We're down to three days before the first pitchers and catchers begin to report for their first spring workouts. The promised land of baseball season is so, so close.
But for some players, it probably seems quite far away. The top free agents are still unsigned, and it's not unreasonable to question whether they and their agents are preparing to wait front offices out to try to make a statement rather than get themselves into a training camp as quickly as possible.
We'll see whether that tactic works. In the meantime, the rumors continue to fly, including a top pitcher who seems to have disappeared, a playoff team looking at an alternative to a long-term courtship, and a second-tier starter's possible destination.
Three days until spring training. This is the Rumor Roundup.
We've talked at length about the idea of Yu Darvish setting the market for starting pitchers and it seems like that's finally come to pass, but for all the talk of the big righty, the other premier starter on the market has practically disappeared from view.
Hardly any news has come out on outgoing Chicago Cubs pitcher Jake Arrieta. Three seasons ago he turned in one of the more remarkable seasons in recent memory, going 22-6 with a 1.77 ERA. A regression from that high was always certain, but over the last two years his regression to the mean has been quite startling.
His hits and home runs per nine innings rates both spiked in 2017, his FIP rose to 4.16, and he threw almost 30 fewer innings than 2016 despite only starting one fewer game. Oh, and he'll be 32 in less than a month.
This has always been a problem for his bargaining position. At the beginning of the season it was reported that his agent, Scott Boras, was angling for a long-term $200m contract. He certainly didn't pitch like a $200m man last season, and the lack of action around him may be a sign that Boras hasn't backed off a demand that now seems rather ludicrous.
ESPN's Buster Olney, however, reported on Friday that despite the lack of coverage on the Arrieta sweepstakes, there are plenty of teams interested in him—just on their terms.
Olney reports that there are teams interested in matching Arrieta's demands in terms of salary—if he backs off his desire for a long-term contract and accepts a short-term deal instead.
This is totally understandable. We've all seen what happens when a team signs a 32-year-old to a six- or seven-year deal in this day and age—they'll get two or three good years and then the deal will become an expensive albatross.
This compromise makes sense, but it remains to be seen whether it's an acceptable option for Arrieta's camp. Boras is not known for backing down from his demands for his client, but it looks like the philosophy of all 30 MLB front offices is firmly trending away from long-term deals for players this old. Eventually, Boras may be forced to accept reality, even if it means defeat. Watch this space.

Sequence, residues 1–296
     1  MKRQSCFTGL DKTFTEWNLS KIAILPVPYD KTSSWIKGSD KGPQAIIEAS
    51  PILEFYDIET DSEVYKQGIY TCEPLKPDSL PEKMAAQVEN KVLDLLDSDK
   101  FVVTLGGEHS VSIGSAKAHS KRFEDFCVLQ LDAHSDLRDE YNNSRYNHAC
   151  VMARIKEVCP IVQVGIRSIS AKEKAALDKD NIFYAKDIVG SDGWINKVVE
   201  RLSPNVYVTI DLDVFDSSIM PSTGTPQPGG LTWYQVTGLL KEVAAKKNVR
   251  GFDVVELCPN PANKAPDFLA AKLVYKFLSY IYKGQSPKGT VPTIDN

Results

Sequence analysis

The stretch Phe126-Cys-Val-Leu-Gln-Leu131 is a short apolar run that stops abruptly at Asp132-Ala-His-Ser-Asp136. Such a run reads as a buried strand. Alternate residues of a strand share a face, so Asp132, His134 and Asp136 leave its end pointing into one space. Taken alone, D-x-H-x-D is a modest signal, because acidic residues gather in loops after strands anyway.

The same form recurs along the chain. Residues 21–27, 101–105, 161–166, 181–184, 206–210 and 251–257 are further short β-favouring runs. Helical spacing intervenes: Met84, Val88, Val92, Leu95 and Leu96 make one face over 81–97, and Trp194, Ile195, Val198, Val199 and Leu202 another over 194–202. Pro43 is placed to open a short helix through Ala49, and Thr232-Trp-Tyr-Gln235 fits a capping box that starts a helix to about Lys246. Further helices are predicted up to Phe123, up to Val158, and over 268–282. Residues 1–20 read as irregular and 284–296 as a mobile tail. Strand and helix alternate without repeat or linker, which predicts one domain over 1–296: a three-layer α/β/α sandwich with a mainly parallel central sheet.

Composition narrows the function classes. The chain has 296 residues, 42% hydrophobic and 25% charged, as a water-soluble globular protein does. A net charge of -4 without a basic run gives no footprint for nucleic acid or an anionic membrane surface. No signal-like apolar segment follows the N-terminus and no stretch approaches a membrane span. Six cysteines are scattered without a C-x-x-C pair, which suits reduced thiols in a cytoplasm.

LoMo option for BoSox?
The stare-down between the Boston Red Sox and another Boras client, JD Martinez, has endured almost the entire offseason, and as Spring Training draws near the Red Sox are finally starting to look at alternatives in case the slugging outfielder doesn't cave and/or finds a new team to deal with after his frustration of Boston's immovability.
That alternative is Logan Morrison. While that may seem odd after Boston signed Mitch Moreland earlier in the winter to man first base, at present even Martinez figures to be a DH given the present state of the outfield—there's no way Martinez would be fielding given the presence of Andrew Benintendi, Mookie Betts, and Jackie Bradley, Jr, all three of whom are plus defenders.
What the Red Sox need is power, and that's something Morrison can provide. He hit a career-high 38 home runs last year with the Tampa Bay Rays, and could be had far cheaper than Martinez, who is still balking at the five-year, $125m deal the Red Sox placed in front of him months ago.
It would be a challenge for rookie manager Alex Cora to find ways for Morrison, Moreland, and Hanley Ramirez to coexist between the first base and DH spots. The likely solution would be a platoon between LoMo and HanRam. The best option would be Martinez, who would put up video game numbers in Fenway, but, like Arrieta, having Boras as his agent reduces the chances of the player blinking in the face of Boston's offer, especially if some animosity has cropped up as negotiations have foundered.
Morrison would be a definite second choice, but a good one if the bottom falls out with Martinez–if he can replicate his production from last year, that is.
Jays kick Cashner's tires
The Toronto Blue Jays need some pitching and according to MLB.com's Jon Morosi have their eye on one of the market's second-tier starters.
Andrew Cashner, formerly of the Texas Rangers, is the man attracting interest from north of the border. Cashner went 11-11 for the Rangers last year with a 3.40 ERA.
It was his best season since his 2013 breakout with the San Diego Padres, but there is some danger in signing him. His peripherals were terrible, striking out a career-low 4.6 batters per nine innings. That's not high enough to compensate for 3.5 walks per nine. His home run rate, however, was low as always, and he got a ton of ground balls. But unless he starts missing more bats, he's going to be one stretch of bad luck away from a really bad season.
Cashner, like many of the second-tier starters, was likely hoping for a multi-year deal off the back of his strong season, but with the stove gone cold it's unlikely that he'll end up with anything more than a one-year pact. If he's successful on that, he might be able to ride the bonanza that will be next year's free agent class, when purse strings will likely be a bit looser.
Your thoughts on the latest rumors? Discuss in the comments below!